On 7 March 2016 at 01:23, Paul Hoffman firstname.lastname@example.org wrote:
I suggest that this be added to the new devguide, not a PEP, because there are many workflows that work for different people.
One category of workflow is "make a clone on GitHub for each suggested patch, then nuke that clone and start over for the next patch". A different category of workflow is "clone on GitHub, clone from there to my local machine, and keep my local machine up-to-date with the origin so I can keep putting in patches easily".
The audience here is folks that don't already have a preferred workflow for interesting with GitHub repos, so it's mainly that second one I want to advise people against using - having used it myself as my primary approach for working with GitHub repos until recently, I've found it to be a recipe for submitting PRs against a stale checkout of master, which then need to be rebased before they can be properly reviewed. That's a pain for both submitters and reviewers, but it's not obvious the problem exists until you've been using the approach for a while.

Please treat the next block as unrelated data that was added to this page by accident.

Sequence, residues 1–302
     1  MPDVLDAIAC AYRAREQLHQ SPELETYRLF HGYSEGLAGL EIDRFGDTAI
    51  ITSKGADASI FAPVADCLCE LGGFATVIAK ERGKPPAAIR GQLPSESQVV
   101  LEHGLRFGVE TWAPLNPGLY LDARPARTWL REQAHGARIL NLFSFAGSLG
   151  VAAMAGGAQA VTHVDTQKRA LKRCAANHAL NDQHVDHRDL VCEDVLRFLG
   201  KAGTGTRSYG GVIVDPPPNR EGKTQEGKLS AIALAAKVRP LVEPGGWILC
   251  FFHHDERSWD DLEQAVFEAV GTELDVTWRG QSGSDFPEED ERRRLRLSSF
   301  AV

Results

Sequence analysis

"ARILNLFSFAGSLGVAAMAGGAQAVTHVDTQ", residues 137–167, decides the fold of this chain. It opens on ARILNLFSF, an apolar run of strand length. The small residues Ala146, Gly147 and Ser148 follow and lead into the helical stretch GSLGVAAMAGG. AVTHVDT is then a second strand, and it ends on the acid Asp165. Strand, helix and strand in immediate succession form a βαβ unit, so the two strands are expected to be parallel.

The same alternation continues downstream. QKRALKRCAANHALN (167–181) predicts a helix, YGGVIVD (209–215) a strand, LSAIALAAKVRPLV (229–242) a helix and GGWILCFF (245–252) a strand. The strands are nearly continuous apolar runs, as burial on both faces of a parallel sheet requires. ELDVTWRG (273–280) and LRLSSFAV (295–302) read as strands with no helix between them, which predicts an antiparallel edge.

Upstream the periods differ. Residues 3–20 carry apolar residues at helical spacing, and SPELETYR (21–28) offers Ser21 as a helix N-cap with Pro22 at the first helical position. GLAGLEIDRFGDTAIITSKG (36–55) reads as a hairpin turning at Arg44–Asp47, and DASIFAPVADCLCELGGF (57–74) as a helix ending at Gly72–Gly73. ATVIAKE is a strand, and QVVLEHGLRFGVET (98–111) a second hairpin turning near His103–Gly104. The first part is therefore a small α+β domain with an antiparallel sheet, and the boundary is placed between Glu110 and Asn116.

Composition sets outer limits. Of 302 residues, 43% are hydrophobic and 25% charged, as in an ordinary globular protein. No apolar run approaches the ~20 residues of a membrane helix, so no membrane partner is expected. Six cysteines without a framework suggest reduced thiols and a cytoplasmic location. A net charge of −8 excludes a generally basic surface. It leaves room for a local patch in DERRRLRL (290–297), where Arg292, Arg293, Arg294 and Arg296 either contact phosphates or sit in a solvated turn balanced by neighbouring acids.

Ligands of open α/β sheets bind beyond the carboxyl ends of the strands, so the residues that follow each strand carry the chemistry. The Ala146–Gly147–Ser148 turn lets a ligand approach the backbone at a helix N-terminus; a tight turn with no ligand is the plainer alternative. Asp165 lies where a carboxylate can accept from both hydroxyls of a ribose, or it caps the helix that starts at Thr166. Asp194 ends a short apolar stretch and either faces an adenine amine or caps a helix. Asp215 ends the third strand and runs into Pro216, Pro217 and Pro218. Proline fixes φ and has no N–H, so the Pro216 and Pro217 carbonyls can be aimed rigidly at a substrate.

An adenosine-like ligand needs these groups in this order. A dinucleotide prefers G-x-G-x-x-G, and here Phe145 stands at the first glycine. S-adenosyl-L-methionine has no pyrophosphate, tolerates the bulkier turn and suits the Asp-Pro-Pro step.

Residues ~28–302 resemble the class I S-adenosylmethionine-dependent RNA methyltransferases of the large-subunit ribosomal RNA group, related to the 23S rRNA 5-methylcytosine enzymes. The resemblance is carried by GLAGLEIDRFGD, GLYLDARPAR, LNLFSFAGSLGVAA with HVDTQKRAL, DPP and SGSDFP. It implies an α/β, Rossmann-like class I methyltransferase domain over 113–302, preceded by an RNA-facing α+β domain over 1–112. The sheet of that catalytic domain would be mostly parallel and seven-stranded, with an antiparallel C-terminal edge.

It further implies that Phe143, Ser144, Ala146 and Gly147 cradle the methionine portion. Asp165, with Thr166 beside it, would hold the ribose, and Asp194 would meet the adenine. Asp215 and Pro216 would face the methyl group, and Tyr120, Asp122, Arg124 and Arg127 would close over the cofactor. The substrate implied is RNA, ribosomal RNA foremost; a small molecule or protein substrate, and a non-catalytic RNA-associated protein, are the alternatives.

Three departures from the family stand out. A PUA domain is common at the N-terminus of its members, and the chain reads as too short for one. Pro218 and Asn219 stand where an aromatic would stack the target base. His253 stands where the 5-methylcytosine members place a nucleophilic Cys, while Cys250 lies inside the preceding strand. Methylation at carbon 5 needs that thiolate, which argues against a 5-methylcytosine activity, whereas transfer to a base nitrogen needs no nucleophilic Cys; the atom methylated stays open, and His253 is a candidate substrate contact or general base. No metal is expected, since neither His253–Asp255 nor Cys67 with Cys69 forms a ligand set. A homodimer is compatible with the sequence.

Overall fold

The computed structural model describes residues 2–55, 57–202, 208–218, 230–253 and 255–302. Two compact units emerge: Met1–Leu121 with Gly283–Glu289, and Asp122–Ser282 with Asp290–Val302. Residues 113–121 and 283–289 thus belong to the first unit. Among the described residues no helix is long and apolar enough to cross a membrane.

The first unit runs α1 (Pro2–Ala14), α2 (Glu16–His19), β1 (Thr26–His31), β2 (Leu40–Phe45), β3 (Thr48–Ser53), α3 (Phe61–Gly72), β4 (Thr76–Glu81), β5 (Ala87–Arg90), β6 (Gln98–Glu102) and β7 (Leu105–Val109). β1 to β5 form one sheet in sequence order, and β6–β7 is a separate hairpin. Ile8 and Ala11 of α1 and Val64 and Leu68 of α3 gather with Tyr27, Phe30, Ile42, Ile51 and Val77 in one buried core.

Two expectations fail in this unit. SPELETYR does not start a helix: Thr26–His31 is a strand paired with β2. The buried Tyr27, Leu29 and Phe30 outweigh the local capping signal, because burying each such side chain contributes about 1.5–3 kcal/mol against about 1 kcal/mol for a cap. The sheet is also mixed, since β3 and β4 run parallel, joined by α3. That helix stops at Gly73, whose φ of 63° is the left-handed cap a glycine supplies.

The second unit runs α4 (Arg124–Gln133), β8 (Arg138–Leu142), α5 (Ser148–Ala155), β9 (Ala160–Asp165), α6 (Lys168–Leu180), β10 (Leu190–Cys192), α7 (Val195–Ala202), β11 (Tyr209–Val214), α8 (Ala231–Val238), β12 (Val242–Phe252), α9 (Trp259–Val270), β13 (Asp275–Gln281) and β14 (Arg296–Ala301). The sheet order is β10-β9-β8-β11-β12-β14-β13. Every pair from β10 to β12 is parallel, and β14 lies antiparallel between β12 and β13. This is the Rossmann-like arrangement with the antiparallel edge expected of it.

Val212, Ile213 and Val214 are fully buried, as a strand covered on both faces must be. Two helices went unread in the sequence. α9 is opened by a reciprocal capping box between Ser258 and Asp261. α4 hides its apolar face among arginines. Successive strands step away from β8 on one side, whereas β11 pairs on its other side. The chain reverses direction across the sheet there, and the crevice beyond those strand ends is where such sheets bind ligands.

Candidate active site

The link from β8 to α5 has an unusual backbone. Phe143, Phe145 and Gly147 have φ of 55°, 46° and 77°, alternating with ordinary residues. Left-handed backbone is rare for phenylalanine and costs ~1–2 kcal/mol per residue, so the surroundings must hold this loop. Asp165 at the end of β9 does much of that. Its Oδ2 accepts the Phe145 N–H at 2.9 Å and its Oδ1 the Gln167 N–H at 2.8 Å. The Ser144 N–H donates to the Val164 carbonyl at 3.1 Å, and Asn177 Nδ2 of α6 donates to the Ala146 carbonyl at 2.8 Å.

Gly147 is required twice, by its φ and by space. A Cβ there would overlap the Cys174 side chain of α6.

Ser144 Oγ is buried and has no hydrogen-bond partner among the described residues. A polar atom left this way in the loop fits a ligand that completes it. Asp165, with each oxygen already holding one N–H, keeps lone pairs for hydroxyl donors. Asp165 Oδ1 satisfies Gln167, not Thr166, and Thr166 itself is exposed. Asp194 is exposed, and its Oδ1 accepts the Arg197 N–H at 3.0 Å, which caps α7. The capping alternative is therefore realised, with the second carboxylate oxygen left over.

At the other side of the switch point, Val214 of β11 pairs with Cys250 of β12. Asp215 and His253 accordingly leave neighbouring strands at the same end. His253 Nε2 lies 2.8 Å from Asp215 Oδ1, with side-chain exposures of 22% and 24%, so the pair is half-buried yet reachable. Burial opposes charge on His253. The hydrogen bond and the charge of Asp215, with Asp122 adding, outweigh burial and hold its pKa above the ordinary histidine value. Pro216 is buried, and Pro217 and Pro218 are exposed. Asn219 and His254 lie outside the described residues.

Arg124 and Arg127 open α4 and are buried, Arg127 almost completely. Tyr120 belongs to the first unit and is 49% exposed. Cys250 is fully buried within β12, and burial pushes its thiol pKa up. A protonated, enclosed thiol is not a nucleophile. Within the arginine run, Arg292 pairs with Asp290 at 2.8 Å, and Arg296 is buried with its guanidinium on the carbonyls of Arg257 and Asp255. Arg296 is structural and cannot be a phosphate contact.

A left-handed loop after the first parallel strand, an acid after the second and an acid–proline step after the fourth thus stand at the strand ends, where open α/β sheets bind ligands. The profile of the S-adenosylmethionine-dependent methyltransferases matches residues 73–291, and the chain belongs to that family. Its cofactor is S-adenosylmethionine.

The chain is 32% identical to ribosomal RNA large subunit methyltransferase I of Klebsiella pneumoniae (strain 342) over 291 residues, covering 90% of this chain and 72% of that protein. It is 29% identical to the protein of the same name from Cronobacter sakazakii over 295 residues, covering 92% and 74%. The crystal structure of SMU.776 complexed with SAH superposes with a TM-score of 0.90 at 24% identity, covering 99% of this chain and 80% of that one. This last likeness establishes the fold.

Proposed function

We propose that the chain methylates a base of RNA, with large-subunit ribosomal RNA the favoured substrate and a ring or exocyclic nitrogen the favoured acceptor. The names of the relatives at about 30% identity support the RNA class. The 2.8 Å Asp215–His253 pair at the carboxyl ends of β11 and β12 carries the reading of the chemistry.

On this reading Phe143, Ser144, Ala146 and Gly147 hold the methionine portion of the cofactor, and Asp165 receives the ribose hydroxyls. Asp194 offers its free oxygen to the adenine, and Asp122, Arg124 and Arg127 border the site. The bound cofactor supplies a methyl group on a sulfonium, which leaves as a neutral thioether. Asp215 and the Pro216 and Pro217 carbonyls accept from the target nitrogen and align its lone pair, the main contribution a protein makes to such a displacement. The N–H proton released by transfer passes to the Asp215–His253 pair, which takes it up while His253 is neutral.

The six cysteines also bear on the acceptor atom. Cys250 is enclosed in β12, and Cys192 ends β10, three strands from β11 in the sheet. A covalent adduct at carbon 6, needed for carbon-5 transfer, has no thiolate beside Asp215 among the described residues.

The "ephemeral clone" approach is certainly an available option, but it's significantly more work for each patch than a persistent clone, and also doesn't tolerate having multiple PRs in flight at once, so I'm less worried about people choosing it naively without realising the additional hassle it causes.